The 2030 Agenda for Sustainable Development commits to promoting development in a balanced way – economically, socially and environmentally – in all countries of the world, leaving no one behind, and paying special attention to those people who are poorest or most excluded.

Demographic change is one of the powerful forces transforming the world economy. As global population growth slows and urbanization plateaus in many regions, the outlook for cities and their growth changes profoundly.

It is fitting that the United Nations Habitat III conference in October will be held in Quito, Ecuador. In April, the city and nearby Portoviejo and Manta suffered an earthquake that killed more than 660 people and injured at least 10,000. Around 73,000 people were displaced. Some 700,000 needed emergency assistance, such as drinking water, sanitation and hygiene kits. Many water-supply systems and hospitals were destroyed or disrupted. Insurance companies estimated the damage at US$2.5 billion, of which only 16% was insured.

Sub-Saharan Africa (SSA) has embarked on a new era of dam building to improve food security and promote economic development. Nonetheless, the future impacts of dams on malaria transmission are poorly understood and seldom investigated in the context of climate and demographic change.

Original Source

Children in Africa will on current trends account for 43% of global poverty by 2030, almost double the current share, due to a combination of demographic change, deep poverty and extreme inequality, warns a new report from the Overseas Development Institute.

The world population will reach 9.9 billion in 2050, up 33 percent from an estimated 7.4 billion now, according to projections included in the latest World Population Data Sheet from the Population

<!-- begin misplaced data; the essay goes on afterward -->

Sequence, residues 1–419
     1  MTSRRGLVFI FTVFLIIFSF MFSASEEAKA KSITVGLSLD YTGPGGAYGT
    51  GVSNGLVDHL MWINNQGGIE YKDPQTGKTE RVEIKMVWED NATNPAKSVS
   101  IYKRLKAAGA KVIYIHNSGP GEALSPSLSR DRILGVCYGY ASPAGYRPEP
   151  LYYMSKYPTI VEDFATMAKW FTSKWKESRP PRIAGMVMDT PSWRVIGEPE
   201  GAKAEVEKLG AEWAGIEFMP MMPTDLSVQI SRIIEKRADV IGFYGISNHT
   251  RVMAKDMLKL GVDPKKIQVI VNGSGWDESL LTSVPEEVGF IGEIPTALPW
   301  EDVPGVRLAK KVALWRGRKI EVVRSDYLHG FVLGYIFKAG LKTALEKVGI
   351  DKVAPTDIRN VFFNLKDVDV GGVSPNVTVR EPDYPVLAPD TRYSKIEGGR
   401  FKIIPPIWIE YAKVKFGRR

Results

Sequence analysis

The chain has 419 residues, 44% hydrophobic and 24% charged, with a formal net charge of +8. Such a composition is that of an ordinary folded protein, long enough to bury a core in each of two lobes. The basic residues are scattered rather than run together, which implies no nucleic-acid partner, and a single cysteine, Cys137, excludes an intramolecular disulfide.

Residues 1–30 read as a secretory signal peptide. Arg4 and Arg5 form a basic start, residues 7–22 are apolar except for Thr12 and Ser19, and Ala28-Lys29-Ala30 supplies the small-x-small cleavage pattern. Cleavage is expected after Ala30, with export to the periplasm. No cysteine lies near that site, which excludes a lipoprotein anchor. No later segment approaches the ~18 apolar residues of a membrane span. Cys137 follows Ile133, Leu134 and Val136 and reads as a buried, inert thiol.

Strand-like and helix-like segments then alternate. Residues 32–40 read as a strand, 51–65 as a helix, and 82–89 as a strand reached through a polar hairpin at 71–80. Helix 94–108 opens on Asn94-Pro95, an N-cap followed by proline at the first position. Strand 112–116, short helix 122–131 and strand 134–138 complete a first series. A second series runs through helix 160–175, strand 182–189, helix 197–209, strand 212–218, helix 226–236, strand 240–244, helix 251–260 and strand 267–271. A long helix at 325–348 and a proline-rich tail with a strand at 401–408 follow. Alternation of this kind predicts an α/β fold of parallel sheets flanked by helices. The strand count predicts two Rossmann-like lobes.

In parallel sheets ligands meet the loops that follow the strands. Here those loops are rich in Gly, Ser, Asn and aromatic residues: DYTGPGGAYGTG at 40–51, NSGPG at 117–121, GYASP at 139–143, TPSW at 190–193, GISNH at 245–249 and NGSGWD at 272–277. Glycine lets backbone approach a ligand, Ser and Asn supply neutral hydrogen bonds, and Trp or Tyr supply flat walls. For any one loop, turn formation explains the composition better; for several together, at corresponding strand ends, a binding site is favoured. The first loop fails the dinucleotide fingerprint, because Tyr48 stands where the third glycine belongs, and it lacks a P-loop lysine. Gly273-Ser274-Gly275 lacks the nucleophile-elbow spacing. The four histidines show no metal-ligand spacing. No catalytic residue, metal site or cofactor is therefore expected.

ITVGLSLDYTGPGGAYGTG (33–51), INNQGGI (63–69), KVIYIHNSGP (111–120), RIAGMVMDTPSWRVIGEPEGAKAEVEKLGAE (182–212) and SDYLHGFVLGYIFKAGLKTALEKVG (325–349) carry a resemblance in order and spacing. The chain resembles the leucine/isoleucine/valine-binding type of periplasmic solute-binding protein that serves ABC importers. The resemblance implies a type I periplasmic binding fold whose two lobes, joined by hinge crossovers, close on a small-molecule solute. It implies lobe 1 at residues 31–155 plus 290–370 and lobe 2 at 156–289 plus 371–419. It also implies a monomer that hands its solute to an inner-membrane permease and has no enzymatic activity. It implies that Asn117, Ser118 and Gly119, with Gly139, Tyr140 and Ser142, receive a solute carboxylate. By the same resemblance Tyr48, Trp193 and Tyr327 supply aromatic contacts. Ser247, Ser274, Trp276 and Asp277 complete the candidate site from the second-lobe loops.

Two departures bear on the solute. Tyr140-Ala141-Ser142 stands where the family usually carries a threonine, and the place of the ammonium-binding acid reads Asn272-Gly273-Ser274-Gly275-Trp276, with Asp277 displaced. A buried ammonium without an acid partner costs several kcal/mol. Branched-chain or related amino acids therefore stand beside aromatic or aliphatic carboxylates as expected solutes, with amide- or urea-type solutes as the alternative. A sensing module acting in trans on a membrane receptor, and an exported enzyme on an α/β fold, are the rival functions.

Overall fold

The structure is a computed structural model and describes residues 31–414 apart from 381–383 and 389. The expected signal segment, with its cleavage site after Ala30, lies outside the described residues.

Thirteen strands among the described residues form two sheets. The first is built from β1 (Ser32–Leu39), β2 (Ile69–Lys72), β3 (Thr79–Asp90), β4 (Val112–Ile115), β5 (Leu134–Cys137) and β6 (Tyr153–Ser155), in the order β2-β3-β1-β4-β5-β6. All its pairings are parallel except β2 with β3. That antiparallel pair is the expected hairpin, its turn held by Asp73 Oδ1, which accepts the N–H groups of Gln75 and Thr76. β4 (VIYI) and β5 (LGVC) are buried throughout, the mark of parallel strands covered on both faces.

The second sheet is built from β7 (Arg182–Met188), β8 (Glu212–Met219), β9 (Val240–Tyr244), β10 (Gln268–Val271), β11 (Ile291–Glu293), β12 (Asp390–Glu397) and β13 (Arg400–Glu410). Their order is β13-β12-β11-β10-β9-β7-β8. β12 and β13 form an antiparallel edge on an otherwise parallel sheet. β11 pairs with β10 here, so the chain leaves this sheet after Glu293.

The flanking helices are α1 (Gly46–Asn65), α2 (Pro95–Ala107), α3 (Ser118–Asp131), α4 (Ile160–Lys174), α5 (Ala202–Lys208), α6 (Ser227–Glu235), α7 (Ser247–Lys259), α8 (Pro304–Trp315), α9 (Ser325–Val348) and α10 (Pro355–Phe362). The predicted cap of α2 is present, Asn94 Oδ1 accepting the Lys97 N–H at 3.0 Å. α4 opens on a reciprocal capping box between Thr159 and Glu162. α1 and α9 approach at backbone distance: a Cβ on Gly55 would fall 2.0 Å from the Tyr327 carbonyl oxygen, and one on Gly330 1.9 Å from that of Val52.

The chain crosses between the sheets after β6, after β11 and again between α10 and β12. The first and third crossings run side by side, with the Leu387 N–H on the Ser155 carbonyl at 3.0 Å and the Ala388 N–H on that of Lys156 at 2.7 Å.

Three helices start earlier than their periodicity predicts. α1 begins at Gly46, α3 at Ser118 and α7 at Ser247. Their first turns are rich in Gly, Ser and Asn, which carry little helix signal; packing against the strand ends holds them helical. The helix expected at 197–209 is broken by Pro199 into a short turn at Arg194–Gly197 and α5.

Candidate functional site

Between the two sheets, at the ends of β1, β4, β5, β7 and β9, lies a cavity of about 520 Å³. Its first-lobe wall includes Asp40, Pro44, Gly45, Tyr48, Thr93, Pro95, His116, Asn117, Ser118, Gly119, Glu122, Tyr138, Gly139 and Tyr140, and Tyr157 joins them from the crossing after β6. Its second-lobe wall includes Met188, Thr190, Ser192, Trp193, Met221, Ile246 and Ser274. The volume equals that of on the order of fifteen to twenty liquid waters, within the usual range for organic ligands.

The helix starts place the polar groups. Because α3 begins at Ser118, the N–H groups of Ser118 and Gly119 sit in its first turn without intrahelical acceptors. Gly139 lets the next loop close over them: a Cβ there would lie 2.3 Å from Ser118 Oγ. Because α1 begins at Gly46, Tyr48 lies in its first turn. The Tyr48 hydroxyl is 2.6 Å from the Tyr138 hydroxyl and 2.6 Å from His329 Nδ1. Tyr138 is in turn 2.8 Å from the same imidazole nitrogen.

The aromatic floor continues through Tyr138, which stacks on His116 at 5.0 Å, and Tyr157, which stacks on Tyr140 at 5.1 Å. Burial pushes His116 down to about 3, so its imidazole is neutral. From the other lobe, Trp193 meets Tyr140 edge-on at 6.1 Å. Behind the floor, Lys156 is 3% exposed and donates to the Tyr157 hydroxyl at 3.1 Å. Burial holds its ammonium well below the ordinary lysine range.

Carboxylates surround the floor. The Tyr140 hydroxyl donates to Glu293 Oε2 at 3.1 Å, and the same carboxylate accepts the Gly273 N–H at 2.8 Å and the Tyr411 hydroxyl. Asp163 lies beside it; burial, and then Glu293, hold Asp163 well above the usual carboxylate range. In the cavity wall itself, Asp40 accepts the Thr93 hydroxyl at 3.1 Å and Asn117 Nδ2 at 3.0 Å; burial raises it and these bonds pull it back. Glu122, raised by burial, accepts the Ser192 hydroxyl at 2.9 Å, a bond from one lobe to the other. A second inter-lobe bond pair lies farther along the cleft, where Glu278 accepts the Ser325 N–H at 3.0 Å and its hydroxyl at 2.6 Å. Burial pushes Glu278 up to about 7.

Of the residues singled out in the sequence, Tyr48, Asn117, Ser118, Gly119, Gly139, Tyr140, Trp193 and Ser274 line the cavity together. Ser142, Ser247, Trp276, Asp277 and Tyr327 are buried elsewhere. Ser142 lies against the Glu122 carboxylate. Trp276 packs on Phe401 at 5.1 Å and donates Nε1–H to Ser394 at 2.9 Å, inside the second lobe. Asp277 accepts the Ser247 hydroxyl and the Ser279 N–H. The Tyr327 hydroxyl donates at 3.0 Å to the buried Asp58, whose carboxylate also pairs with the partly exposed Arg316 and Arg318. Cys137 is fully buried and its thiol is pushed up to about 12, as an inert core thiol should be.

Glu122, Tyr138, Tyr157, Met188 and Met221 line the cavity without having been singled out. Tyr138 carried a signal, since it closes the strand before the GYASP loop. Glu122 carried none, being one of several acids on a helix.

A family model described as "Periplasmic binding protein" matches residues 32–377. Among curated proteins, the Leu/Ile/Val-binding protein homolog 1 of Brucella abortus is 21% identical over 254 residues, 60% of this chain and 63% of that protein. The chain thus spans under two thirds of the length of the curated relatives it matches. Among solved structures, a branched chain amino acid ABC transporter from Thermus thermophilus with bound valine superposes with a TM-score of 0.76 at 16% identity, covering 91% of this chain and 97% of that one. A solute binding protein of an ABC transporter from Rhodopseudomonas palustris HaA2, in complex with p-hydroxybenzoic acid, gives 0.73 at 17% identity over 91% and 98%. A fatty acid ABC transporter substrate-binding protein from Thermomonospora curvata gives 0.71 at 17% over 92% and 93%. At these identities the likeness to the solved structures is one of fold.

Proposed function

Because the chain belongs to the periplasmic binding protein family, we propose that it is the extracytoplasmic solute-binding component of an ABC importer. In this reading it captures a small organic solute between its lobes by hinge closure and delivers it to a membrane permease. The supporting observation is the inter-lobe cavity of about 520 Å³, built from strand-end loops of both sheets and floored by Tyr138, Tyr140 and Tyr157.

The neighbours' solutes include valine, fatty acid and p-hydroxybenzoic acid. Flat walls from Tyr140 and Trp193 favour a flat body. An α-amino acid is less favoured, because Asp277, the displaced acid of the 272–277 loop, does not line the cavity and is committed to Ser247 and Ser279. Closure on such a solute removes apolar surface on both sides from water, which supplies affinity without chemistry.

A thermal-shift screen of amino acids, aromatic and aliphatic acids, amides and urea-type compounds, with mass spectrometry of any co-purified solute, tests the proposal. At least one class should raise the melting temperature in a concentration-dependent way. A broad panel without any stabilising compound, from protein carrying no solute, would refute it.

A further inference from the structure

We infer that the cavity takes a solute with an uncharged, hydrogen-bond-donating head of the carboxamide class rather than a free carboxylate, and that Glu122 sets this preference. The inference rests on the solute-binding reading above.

Human pressures on the environment are changing spatially and temporally, with profound implications for the planet’s biodiversity and human economies. Here we use recently available data on infrastructure, land cover and human access into natural areas to construct a globally standardized measure of the cumulative human footprint on the terrestrial environment at 1 km2 resolution from 1993 to 2009. We note that while the human population has increased by 23% and the world economy has grown 153%, the human footprint has increased by just 9%.

The countries of the Southern African Customs Union have relatively diverse demographic and economic starting points. These economies have the potential to realize demographic dividends and experience an acceleration in their income per capita growth and poverty reduction progress through forthcoming shifts in their age structures.

Simply put, climate change is caused by excessive production of greenhouse gases. As highlighted by the late Professor Tony McMichael, the “cause(s) of the causes” should not be overlooked.1 With climate change already close to an irreversible tipping point, urgent action is needed to reduce not only our mean (carbon) footprints but also the “number of feet”—that is, the growing population either already creating large footprints or aspiring to do so.

Demographic change in Asia and the Pacific is happening at a rate the world has never seen. An explosion in the working age population and a fall in birth rates that took a century in Europe are happening here in just 30 years.

Pages